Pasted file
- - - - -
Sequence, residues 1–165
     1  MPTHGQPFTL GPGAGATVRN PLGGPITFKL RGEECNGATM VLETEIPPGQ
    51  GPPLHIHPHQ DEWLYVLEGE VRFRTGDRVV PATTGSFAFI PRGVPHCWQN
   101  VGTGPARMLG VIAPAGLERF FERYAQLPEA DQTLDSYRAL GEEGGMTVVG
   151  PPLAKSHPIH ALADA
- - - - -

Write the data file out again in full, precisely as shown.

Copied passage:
Sequence, residues 1–165
     1  MPTHGQPFTL GPGAGATVRN PLGGPITFKL RGEECNGATM VLETEIPPGQ
    51  GPPLHIHPHQ DEWLYVLEGE VRFRTGDRVV PATTGSFAFI PRGVPHCWQN
   101  VGTGPARMLG VIAPAGLERF FERYAQLPEA DQTLDSYRAL GEEGGMTVVG
   151  PPLAKSHPIH ALADA